Analysis of Consistency with General Plan
The housing element affects a locality’s policies for growth and residential land uses. Among other things, the housing element establishes the locality’s housing goals, policies, and objectives; identifies sites for new construction; and addresses governmental constraints. The goals, policies, and objectives of an updated housing element should be reviewed in the context of the land-use, circulation, open-space elements, zoning, and/or redevelopment and capital improvement plans, especially if these plans or elements have not recently been updated.
The general plan is required to be “internally consistent” meaning any and all conflicts between general plan elements should be acknowledged and resolved. Jurisdictions must ensure programs and policies in other elements do not conflict with those of the housing element; in particular the land-use, circulation, or conservation elements. For example, the circulation element levels of service (LOS) standards may need to be updated to reflect potential build out capacities proposed in the housing element. Also, realistic development capacity could be impacted by the conservation element policies that require new residential projects to provide large, open-space corridors or buffer areas.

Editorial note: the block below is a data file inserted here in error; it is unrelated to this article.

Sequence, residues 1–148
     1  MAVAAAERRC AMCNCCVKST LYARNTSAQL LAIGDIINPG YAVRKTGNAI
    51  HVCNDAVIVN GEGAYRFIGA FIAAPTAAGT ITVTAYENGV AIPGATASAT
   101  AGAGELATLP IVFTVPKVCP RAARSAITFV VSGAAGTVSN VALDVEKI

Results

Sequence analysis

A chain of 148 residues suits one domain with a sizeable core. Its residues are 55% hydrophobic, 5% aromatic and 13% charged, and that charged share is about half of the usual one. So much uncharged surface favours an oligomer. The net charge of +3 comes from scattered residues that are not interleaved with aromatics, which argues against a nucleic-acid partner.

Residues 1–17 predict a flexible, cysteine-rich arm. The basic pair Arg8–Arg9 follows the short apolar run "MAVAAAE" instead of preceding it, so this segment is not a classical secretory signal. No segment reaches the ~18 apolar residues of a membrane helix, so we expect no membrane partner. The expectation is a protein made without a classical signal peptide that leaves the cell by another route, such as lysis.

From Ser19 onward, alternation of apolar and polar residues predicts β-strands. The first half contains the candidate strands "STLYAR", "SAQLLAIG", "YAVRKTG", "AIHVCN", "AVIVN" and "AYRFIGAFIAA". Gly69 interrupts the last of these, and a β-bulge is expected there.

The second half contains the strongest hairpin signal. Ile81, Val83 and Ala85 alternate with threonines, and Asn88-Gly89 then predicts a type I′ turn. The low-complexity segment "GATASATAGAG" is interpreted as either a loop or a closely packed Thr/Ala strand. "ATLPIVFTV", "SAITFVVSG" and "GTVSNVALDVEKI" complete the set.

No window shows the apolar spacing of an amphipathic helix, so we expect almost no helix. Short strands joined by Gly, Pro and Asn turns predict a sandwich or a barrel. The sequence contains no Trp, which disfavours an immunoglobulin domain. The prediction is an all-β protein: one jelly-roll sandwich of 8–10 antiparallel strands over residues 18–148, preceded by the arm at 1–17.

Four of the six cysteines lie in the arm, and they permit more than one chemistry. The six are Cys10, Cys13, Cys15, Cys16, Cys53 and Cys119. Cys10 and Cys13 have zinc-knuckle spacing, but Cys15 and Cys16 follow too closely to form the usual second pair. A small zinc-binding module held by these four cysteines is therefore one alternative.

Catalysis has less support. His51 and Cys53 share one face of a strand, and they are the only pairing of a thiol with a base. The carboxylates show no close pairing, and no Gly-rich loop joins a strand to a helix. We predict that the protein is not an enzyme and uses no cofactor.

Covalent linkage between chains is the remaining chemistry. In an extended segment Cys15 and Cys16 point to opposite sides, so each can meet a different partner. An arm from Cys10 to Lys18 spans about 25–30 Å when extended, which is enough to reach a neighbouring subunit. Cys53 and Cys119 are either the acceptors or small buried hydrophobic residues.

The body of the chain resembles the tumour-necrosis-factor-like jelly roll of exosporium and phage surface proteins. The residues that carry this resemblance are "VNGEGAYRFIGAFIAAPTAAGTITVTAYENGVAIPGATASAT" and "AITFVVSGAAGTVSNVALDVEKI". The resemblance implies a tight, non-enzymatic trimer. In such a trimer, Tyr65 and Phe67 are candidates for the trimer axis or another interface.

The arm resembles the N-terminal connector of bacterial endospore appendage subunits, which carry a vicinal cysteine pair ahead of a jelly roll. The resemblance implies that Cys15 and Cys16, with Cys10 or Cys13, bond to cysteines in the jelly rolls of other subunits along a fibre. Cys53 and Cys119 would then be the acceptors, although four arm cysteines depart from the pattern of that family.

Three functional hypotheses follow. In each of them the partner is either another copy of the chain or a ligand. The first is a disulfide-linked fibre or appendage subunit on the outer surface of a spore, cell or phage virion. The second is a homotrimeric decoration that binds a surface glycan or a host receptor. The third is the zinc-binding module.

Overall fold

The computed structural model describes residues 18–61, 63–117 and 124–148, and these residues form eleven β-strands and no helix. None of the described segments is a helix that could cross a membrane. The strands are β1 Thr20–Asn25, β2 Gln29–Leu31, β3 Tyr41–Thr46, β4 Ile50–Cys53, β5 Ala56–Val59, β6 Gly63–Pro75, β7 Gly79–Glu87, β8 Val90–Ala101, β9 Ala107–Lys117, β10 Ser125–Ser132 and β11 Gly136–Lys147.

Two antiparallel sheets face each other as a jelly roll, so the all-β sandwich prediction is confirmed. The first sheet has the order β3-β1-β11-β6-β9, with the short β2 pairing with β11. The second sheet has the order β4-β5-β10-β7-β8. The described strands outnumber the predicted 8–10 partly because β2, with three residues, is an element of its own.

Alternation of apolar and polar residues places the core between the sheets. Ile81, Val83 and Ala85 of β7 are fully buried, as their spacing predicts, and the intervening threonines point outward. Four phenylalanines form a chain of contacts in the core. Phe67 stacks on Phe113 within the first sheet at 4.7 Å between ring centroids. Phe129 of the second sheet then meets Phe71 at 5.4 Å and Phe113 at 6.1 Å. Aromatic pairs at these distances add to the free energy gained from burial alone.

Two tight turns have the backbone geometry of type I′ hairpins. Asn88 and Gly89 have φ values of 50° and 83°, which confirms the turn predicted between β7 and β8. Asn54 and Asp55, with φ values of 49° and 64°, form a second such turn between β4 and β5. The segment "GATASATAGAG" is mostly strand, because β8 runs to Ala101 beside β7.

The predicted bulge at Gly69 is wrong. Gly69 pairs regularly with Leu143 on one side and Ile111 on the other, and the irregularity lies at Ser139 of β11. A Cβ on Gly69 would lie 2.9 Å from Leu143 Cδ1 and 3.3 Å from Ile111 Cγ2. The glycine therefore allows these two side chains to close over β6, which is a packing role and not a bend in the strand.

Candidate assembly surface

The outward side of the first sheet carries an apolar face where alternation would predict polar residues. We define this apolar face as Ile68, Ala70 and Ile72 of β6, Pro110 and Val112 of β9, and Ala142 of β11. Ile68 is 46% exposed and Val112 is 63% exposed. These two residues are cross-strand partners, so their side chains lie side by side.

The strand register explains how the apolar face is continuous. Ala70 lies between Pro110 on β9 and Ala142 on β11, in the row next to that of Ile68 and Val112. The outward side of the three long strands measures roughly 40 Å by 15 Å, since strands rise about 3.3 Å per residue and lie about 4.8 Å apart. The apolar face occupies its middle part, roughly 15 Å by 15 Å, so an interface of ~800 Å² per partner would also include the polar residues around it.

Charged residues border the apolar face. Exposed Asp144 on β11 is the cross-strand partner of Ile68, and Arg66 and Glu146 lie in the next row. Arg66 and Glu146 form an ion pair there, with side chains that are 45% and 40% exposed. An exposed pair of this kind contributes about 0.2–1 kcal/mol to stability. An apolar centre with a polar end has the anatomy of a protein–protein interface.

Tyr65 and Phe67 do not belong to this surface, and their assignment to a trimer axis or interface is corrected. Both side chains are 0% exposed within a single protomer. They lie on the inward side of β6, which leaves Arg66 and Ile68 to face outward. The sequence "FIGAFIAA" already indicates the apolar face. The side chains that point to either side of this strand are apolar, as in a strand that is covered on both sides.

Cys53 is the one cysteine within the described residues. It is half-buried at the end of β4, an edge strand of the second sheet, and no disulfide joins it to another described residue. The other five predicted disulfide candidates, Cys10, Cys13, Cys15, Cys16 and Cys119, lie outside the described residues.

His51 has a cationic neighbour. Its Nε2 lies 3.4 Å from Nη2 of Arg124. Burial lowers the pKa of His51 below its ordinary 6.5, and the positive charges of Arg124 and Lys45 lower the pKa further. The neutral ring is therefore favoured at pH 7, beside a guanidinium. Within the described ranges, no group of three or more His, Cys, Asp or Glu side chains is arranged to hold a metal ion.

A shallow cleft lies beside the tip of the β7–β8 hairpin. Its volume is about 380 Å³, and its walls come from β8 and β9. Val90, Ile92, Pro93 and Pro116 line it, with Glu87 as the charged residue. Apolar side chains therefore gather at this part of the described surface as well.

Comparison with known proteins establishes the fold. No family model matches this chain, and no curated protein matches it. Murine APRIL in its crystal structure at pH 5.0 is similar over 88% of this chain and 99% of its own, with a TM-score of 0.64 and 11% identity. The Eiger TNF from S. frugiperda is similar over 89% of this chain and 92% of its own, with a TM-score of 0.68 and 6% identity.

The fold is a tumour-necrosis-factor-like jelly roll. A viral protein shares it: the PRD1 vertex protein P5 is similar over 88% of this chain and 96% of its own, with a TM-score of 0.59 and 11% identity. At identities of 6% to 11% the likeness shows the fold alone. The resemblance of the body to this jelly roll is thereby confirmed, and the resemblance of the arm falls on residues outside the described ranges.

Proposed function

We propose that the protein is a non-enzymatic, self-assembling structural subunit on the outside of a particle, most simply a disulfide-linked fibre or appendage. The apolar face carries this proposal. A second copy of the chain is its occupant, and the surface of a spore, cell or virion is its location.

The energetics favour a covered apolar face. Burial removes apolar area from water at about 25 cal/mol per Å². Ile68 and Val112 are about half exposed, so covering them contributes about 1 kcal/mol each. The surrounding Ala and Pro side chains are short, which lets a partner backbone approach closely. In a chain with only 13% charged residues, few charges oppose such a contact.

When conflicts exist, the housing element must describe how consistency will be achieved and how the goals of the housing element will be addressed.
Many communities attempt to address and resolve conflicts by amending the zoning ordinance and all relevant elements of the general plan concurrent with amendment of the housing element. For example, if densities of particular sites must be increased to identify adequate sites, the attendant amendments to the general plan and zoning ordinance could be proposed and adopted at the same public hearing as the housing element.
In addition to resolving inconsistencies among various elements and/or ordinances at the time of updating the housing element, any subsequent amendment to the housing element or other general plan elements, should trigger a review of the entire general plan, especially land-use provisions, to ensure internal consistency is maintained.